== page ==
Located in the Eastern Mediterranean, the island of Cyprus has been a major cultural and economic crossroad for over two millennia, absorbing and transmitting influences between Africa, Asia, and Europe. The World Heritage site of Pafos in Cyprus includes two ancient cities, Nea Pafos and Palaepafos. Nea Pafos and its Necropolis are the current focus of the DoA/GCI project. The Nea Pafos site includes significant remains from the Hellenistic, Roman, early Christian, and Byzantine periods, which include important figural and geometric mosaics pavements, as well as medieval monuments.
Today, the site is valued by locals and tourists alike as an escape from the bustle of modern Pafos and a place of historical and cultural importance. It is also home to many rare plants and a refuge for migratory birds, and offers picturesque coastal views of the Mediterranean Sea. However, the site faces a number of challenges, including modern development and potential hazards due to tourism and climate change.
Among Nea Pafos’ most important Roman residences are the Villa of Theseus and the House of Orpheus. The Villa of Theseus is by far the largest and most fully intact of all the excavated houses in the residential quarter of the ancient city. One shelter will protect a number of significant mosaics in the southeastern part of the Villa, including a surviving panel from the life of Achilles, a depiction of Theseus and the Minotaur in the Labyrinth, and a bath complex with several beautiful geometric mosaics.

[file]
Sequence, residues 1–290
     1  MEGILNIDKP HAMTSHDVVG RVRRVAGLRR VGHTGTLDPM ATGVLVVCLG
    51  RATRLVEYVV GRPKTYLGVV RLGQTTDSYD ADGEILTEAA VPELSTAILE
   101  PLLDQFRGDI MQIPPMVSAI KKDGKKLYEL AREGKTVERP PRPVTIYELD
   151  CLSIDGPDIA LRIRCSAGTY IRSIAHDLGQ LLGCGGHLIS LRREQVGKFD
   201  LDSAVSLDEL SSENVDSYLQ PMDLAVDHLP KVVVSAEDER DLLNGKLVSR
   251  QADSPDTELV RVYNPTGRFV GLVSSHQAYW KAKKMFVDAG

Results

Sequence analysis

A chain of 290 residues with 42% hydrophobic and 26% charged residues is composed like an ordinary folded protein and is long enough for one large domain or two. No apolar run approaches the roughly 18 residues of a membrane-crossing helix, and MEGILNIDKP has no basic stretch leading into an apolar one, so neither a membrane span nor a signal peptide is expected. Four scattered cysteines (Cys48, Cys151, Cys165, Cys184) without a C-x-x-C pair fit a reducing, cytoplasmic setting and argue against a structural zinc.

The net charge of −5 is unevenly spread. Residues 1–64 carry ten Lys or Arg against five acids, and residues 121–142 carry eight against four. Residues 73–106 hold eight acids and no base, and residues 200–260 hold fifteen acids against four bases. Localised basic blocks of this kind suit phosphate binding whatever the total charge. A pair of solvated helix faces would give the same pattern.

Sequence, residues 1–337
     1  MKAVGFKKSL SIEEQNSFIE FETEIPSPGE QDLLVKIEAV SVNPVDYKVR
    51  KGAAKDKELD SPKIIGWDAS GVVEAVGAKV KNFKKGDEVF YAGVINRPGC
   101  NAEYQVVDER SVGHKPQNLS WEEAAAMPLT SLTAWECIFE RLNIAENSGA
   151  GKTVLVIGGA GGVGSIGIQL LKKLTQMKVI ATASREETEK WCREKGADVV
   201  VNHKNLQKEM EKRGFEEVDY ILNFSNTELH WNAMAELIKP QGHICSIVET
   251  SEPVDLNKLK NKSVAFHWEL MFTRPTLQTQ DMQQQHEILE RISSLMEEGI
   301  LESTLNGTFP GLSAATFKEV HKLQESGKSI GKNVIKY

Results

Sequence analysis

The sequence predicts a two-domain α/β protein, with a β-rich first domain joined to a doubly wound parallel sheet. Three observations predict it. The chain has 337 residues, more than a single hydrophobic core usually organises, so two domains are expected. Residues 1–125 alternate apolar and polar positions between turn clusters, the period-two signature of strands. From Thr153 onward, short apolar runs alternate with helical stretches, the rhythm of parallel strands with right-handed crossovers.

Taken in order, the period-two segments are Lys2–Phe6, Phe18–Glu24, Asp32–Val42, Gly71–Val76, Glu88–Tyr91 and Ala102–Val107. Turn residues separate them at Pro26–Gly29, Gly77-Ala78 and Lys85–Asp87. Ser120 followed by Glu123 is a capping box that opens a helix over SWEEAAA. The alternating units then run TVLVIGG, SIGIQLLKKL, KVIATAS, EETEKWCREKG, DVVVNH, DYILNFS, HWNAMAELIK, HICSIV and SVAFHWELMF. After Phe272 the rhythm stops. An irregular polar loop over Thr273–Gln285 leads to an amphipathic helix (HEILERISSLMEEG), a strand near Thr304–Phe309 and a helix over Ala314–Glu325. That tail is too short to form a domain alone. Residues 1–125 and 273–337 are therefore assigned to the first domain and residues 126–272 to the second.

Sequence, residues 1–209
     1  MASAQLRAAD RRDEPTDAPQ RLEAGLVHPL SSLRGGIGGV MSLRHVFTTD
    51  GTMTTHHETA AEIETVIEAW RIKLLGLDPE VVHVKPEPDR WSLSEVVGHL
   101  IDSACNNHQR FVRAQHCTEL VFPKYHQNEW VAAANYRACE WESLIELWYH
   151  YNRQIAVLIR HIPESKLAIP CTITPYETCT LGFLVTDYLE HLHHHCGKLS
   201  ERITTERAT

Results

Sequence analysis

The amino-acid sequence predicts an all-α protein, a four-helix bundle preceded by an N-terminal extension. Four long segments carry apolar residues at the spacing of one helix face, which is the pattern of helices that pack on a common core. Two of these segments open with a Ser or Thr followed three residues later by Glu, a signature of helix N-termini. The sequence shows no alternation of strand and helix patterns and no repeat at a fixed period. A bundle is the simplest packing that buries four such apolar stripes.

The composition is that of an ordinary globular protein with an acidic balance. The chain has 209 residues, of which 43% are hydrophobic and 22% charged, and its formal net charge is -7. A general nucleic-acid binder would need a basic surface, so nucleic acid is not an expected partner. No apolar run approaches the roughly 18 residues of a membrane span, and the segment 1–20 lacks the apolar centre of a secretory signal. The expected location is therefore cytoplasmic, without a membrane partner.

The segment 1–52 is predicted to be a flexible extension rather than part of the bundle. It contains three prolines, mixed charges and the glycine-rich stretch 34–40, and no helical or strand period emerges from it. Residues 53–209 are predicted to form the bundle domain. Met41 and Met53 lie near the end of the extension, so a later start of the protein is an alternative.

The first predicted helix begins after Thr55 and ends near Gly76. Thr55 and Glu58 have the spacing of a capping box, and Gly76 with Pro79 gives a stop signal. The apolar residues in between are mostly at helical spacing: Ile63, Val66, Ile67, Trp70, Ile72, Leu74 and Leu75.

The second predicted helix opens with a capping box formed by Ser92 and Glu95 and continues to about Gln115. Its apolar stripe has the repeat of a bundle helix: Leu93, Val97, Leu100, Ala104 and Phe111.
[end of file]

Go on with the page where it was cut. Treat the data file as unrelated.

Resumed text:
The House of Orpheus is the closest of the excavated houses to the sea, and is the much smaller neighbor to the Villa of Theseus. A shelter will be used to protect its Amazon and Heracles mosaic, which depicts in one of the panels the moment before the battle between Heracles and the Lion of Nemea, and the Orpheus and the Beasts mosaic, in which every living animal is gathered to listen to Orpheus’ divine music.
The Nea Pafos Conservation and Management Project is part of Getty’s Ancient Worlds Now: A Future for the Past, a decade-long global initiative to promote a greater understanding of the world’s cultural heritage and its value to global society, including far-reaching education, research, and conservation efforts.
For more information about the GCI’s work in Cyprus, visit: https://www.getty.edu/conservation/our_projects/field_projects/paphos/.
Getty is a leading global arts organization committed to the exhibition, conservation, and understanding of the world’s artistic and cultural heritage. Working collaboratively with partners around the globe, the Getty Foundation, Getty Conservation Institute, Getty Museum and Getty Research Institute are all dedicated to the greater understanding of the relationships between the world’s many cultures. The Los Angeles-based J. Paul Getty Trust and Getty programs share art, knowledge, and resources online at Getty.edu and welcome the public for free at the Getty Center and the Getty Villa.
The Getty Conservation Institute (GCI) works internationally to advance conservation practice in the visual arts—broadly interpreted to include objects, collections, architecture, and sites. The Institute serves the conservation community through scientific research, education and training, field projects, and the dissemination of information. In all its endeavors, the GCI creates and delivers knowledge that contributes to the conservation of the world’s cultural heritage.